The following is the manuscript of a teaching given by Leah at Haven on April 12, 2015. It's the first of a series on Acts, called "Now It's Your Turn".
I believe I was a sophomore in college when it happened. I had only been really following Jesus less than a year at the point when I was invited to attend my first church conference. The college group I became a part of was loosely affiliated with a Vineyard church, and that church was having a weekend conference. Attending the church on Sundays, let alone for a whole weekend, made me nervous. It was so different from the experience I’d had of church growing up that I didn’t know what to do with it. But I trusted the group’s leader, and he told me that this conference was going to be really powerful in terms of people encountering God, so I went.
I didn’t have a framework for much of what I saw that weekend. People were getting prayer and being physically and emotionally affected in lots of ways. I saw some people shaking; others even falling on the ground. This was very new to me The only churches I’d attended before were very proper, zipped-up affairs. This seemed weird, maybe even kinda scary. I didn’t know how to understand what I saw, and I was beginning to wonder if I was really in the right place, when a gray-haired older man, probably in his late 50s/early 60s, gently approached me. He seemed kind and grandfatherly, and he told me that he thought God had told Him something to share with me. “You’re an artist,” he said. “You love performing. But God wants you to know you don’t have to perform for him. He sees you exactly as you are. He sees what others don’t see. He sees you as a carefree little girl dancing in front of Him and He loves you so much. He knows you’ve been hurt and he wants to heal the places that have been broken so that you can have the freedom of that little girl that He sees when he looks at you.”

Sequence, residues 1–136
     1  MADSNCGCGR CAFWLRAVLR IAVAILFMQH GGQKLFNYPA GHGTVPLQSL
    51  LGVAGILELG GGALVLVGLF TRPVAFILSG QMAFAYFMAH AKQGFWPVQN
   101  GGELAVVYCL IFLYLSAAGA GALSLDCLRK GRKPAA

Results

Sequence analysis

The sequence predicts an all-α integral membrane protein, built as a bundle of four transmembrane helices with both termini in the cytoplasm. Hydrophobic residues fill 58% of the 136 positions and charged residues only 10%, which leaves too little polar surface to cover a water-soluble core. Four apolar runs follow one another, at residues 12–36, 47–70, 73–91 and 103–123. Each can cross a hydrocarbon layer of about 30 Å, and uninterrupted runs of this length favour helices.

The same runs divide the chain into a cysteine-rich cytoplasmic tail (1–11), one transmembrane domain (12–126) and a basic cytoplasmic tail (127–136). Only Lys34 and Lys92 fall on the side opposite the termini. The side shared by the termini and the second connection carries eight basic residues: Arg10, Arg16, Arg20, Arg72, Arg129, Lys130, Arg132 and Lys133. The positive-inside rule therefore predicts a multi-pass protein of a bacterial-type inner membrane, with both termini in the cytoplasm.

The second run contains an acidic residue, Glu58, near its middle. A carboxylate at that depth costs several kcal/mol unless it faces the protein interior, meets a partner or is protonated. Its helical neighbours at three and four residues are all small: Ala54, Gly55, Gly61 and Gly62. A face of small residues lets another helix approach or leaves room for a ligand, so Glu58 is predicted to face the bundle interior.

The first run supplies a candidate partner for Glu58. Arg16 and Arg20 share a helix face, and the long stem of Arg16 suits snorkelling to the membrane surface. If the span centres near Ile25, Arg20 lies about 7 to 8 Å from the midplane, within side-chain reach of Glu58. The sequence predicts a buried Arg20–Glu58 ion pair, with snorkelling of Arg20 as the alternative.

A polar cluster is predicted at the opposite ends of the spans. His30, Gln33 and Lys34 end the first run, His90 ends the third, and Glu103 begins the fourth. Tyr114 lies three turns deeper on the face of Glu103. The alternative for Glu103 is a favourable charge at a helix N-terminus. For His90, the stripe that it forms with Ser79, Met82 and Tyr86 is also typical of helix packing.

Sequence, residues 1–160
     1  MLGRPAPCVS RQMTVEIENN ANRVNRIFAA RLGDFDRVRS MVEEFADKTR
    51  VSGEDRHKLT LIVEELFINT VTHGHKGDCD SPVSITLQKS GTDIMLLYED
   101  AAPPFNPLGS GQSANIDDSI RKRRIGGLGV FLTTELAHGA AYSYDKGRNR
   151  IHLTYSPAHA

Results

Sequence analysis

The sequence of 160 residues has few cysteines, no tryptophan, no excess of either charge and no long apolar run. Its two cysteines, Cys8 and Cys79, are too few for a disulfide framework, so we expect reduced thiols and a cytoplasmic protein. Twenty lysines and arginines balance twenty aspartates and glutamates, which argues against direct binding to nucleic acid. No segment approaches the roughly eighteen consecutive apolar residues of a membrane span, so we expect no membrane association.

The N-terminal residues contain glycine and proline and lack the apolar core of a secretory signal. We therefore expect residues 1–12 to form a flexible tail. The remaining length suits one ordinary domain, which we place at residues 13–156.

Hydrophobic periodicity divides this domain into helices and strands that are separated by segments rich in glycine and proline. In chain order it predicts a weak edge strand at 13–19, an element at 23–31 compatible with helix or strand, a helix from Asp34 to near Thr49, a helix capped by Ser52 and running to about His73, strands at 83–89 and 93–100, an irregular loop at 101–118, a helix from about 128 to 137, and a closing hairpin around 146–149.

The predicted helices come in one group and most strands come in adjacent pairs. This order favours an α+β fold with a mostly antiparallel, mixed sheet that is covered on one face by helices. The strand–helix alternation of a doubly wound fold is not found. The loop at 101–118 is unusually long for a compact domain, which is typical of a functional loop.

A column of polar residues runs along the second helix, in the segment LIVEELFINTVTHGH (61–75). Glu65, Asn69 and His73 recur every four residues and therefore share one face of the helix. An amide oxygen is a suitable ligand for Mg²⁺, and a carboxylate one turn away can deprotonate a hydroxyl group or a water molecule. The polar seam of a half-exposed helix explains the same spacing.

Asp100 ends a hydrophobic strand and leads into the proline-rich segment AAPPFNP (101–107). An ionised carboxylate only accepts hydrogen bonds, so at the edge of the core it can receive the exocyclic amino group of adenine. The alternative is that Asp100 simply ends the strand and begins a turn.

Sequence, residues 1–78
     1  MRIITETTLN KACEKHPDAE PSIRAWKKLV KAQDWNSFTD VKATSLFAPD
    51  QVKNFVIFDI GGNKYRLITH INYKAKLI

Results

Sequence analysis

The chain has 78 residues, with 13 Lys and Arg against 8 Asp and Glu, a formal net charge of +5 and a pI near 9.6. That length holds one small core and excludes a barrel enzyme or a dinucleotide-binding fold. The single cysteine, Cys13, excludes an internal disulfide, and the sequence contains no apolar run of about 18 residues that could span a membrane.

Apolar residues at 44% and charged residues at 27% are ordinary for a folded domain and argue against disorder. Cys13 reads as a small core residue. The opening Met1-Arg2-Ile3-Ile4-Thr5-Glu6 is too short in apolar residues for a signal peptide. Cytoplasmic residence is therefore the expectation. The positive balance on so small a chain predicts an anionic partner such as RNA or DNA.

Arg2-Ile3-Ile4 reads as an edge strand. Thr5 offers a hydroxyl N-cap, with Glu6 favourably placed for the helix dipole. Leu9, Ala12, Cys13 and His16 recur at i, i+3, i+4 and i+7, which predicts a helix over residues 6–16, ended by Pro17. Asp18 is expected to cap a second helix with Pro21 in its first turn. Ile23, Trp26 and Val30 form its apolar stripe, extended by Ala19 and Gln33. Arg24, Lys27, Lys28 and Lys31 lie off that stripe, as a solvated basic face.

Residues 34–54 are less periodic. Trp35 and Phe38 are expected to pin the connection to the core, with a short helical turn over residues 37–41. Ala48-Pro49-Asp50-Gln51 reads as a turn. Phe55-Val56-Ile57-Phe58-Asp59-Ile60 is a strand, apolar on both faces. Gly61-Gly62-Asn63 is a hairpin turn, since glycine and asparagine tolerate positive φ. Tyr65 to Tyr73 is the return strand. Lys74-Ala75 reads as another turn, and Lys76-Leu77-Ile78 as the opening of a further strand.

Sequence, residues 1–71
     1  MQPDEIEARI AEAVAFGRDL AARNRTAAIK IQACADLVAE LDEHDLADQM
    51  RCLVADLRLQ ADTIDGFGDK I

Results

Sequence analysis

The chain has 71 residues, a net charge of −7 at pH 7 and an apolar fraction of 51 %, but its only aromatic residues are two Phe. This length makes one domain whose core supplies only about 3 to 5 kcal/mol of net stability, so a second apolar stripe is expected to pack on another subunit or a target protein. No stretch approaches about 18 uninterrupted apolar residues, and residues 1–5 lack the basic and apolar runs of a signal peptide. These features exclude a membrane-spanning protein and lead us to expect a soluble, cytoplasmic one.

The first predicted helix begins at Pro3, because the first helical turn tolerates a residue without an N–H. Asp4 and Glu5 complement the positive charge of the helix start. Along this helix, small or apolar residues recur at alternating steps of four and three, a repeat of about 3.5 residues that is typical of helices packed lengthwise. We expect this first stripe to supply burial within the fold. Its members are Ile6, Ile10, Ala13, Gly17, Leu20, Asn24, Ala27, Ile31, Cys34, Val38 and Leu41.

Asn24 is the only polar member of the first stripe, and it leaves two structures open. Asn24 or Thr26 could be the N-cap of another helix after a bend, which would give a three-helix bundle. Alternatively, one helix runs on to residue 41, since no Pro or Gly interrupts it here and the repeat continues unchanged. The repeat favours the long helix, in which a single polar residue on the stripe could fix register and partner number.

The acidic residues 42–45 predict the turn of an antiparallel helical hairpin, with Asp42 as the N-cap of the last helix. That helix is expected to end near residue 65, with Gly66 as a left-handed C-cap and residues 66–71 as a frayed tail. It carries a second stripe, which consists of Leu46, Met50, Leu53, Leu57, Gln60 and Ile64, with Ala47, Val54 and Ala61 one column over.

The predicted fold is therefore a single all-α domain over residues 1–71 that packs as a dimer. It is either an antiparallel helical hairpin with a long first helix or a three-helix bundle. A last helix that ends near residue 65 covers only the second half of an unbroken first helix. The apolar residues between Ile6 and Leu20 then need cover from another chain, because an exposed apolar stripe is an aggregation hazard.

Well, that got my attention. I was overwhelmed. This man knew nothing about me. I’d never seen him before, but the words he shared rung freakishly true. They spoke to exactly what was going on with me, and all my questions about whether I belonged there were silenced as God used this man to speak directly to me and assure me that I was where He intended me to be. I was touched, encouraged in my faith, and felt more free to be myself before God because another person was available to being used by God in a unique way with powerful effect.
Well, I start today with this little story because it touches on the theme of the series we’re kicking off today, which I’m titling, “Now it’s your turn.” Thus far, we’ve spent our entire 2015, particularly during Lent, looking at the gospel of Luke. Luke has given us an intimate, and hopefully instructive look at the life and ministry of Jesus. We’ve seen the narrative ark of the story of a man whose birth was miraculously announced, through his pronouncement of his mission as an adult at a synagogue in Nazareth, through his years of itinerant preaching and healing, and finally through the climactic final week of his life that ended with his death, and three days later, his stunning resurrection.
But though we finished Luke’s gospel, we haven’t actually finished the story Luke was telling. You see, Luke, unlike the other gospel writers, didn’t stop his historical writings with the story of Jesus. He went on to write a whole other book; a companion text which is meant to be read following the gospel. That book is called “the Acts of the Apostles” or just “Acts” for short. At the beginning of this book, Luke does a pivot and the pivot is this: the first book, the gospel of Luke, is primarily focused on the life and work of the incarnate Jesus. The second book pivots the focus to the life and work of Jesus’ followers. And in that pivot, we see the beginning of an expansion project that would overtake the globe. Jesus ministers to a narrow group of people, almost exclusively Jews at one discreet moment of time, but those he trains he then empowers to continue the work and spread out to every corner of the earth.